Cordless drills, which are battery-operated tools, are made for convenience, storage, and quick DIY projects. They are nearly identical to corded drills except for the fact that they have a battery.
Batteries drills can match performance and voltage of the most powerful corded ones available.
What to Look for When Buying a Cordless Drill
A new cordless drill is a significant investment. Most homeowners keep cornerstone tools like drills, circular saws, and belt sanders their entire life, so it’s not an investment to take lightly.
If you’re a regular DIYer and know what you’ll be using your drill for in advance, it’s a fairly straightforward choice; just choose a drill that’s got enough power for your most common tasks. For others, buying the best isn’t that straightforward.
We have created a guide to help find the right cordless drill for you.
When choosing a cordless drill machine, battery life is my top priority. Power is important, and so are comfort and weight, but knowing you’ve got a tool that won’t surprise you with a dead battery is a must.
Some drills can last up to 24 hours while others require only 2 hours. As well as finding a good battery range, it’s worth checking the charging speeds too.
Some batteries can be charged in less than an hour, while others take up to eight hours. And to make matters more complicated, battery life and charge time aren’t necessarily symbolic of the other, so check both in any product listing to be sure.
Power & Torque
The rating of cordless drills is based on Voltage (V). Anything around 18V is a decent tool but it is torque, rather than voltage, that is the most important indication of a drill’s ability.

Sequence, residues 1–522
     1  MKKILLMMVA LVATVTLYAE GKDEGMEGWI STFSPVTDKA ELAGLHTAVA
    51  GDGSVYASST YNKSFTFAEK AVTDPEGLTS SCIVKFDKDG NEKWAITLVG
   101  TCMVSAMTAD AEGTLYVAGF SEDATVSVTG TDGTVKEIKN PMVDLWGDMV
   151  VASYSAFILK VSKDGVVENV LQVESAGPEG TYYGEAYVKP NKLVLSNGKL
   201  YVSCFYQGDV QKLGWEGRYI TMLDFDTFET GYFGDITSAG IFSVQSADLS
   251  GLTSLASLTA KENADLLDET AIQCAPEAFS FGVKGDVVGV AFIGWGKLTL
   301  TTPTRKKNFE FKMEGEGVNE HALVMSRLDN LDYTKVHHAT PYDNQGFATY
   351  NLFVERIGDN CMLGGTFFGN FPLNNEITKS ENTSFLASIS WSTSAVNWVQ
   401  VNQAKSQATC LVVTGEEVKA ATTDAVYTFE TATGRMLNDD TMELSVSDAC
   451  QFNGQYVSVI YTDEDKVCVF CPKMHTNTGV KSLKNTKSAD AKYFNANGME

15-30Nm is the standard torque of most drills, giving them enough drive that they won’t slow down in challenging tasks. For heavy-duty tasks, you should select a drill with at least 30Nm of torque. This drill is more expensive and may not suit most homeowners.
There are five main types chuck(The tip of the drill, where drill bits attach to and are fastened before being used).
- Keyed Chuck
- Double-sleeve keyless chuck
- Chuck with keyless single-sleeve
- SDS chuck
- Hex chuck
Keyed ChucksThese are the most secure and include a cogged lock to ensure that drill bits are securely fastened every time. There are problems with keyedchucks. The key must always be safe.
This is what most users think it means to attach the drill to the cord.
Double-sleeved chucksTo tighten the chuck hold the lower sleeve in position and then turn the top sleeves. These chucks are capable of handling more than 90% of drilling jobs. They are easy to tighten and can handle all types of drilling.
Single-sleeve chucksThese chucks are easy-to-tighten and can be used in DIY projects. However, they don’t fasten as well as keyed chucks and double-sleeved ones.
SDS chucks These chucks can only be used for SDS drill bits or SDS drilling bits. They are very easy to use. To lock in the drill bits, slide the chuck upwards and then downwards.
For any other drill bits, SDS adapters are available. This could be used to attach an SDS-chuck or keylesschucks to an existing keylesschuck.
SDS drills work with most bits, provided that you have the correct fittings.
Hexchucks and hex connectionsThese are usually fitted to cordless screwdrivers. These low-powered tools are made for drilling, not for screwing. Drills that use only hex connectors will not be worth the money.
The connection will be loose and any adaptable bit can move or snap, so care must be taken.
Comfort / Grip
Most cordless drills have a basic rear handle. Some cordless drills, however, have T-Bar handle and very comfortable grips that allow for more control. T-Bar handles are great for stone drilling and masonry, but not necessary for most timber work.
The best drill is one that feels right. If the handle looks comfortable, it probably is, and if it’s a good weight to hold, it’ll be comfortable to use.
This isn’t just a rule for battery powered drills. It should be used in conjunction with any cordless tool. Brushless motors dramatically improve battery efficiency, battery life, and power.
Any cordless drill that isn’t manufactured with a brushless motor can overheat, causing damage to the tool, and becoming a risk in the workshop.
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